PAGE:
For all the drastic cuts and financial overhauls that are meant to secure a future for General Motors and Chrysler, their prospects in coming years will be determined more by the answer to a simple question: Can American drivers live without that new-car smell?
In recent years Americans appeared to be hooked on it and took advantage of home equity loans, easy credit and cheap short-term lease deals to send new-car sales to levels of more than 17 million a year.
Now the market has collapsed by 46 percent to below 10 million, as people are making do with the cars they have, leaving the industry to debate — and worry — about what the new normal will be once the recession ends.
Some say the downturn is temporary and that sales will spring back in a few years. Others believe Americans will rethink whether they need so many cars, particularly new ones.
The answer will be important to the Obama administration as it prepares to put G.M. into bankruptcy on Monday. After the company emerges from bankruptcy, the federal government will own about 70 percent of it, in return for $50 billion in taxpayer aid. G.M. has already received about $20 billion in federal help.
The Treasury Department’s advisers, who initially expected auto sales to pick up late next year, now foresee no jump in demand this year or in 2010. And even five years out, they expect annual sales to be about 15 million, still well below the peaks of this decade.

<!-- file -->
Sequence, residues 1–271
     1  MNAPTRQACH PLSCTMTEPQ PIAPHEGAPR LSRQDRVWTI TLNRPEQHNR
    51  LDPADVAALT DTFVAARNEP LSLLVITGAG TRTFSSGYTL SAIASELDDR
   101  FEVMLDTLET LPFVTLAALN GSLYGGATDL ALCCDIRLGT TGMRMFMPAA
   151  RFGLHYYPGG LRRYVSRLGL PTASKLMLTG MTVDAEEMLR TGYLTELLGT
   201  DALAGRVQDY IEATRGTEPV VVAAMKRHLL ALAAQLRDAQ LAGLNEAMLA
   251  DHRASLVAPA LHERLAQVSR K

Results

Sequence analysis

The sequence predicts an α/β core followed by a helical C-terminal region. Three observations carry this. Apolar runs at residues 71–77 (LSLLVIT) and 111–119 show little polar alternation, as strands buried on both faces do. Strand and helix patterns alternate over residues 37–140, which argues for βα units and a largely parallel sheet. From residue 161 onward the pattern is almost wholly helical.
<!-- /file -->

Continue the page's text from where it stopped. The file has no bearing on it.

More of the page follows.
Making predictions is tricky in this economy. The market has grown more bleak, and worst-case scenarios drafted only months ago are becoming reality.
If sales do not recover, the Treasury will have to provide more financial support for G.M. and for Chrysler, which has received about $10 billion in federal aid, before they can stand on their own and the government can divest its shares.
People like Kate M. Emminger do not offer the carmakers much hope. Ms. Emminger sold her 2006 Toyota Corolla last April because she decided she could not afford her $250 monthly payment, even though she earns about $60,000 a year as a university events planner.
“It just became too expensive to have a car,” Ms. Emminger said. Now, she volunteers at City CarShare, a nonprofit organization in San Francisco, in order to earn free use of its vehicles, which normally rent to members for $5 an hour plus 40 cents a mile. Otherwise, she takes public transit.
But plenty of people in Detroit argue that once the recession is over, buyers will rush back to dealer showrooms.
If sales do pick up, carmakers eventually could be more profitable than they have ever been because of all the costs they have shed, said David Cole, chairman of the Center for Automotive Research in Ann Arbor, Mich.
“After you rebound from this artificial low in demand, wow,” Mr. Cole said of the potential for auto sales and profits.
He estimates that pent-up demand for new cars is actually about 4 million vehicles higher than the current selling rate, which in April would translate to 9.3 million a year, according to Autodata Incorporated.
Others, however, point to shifts suggesting that Americans’ desire — and need — for new cars may be cooling.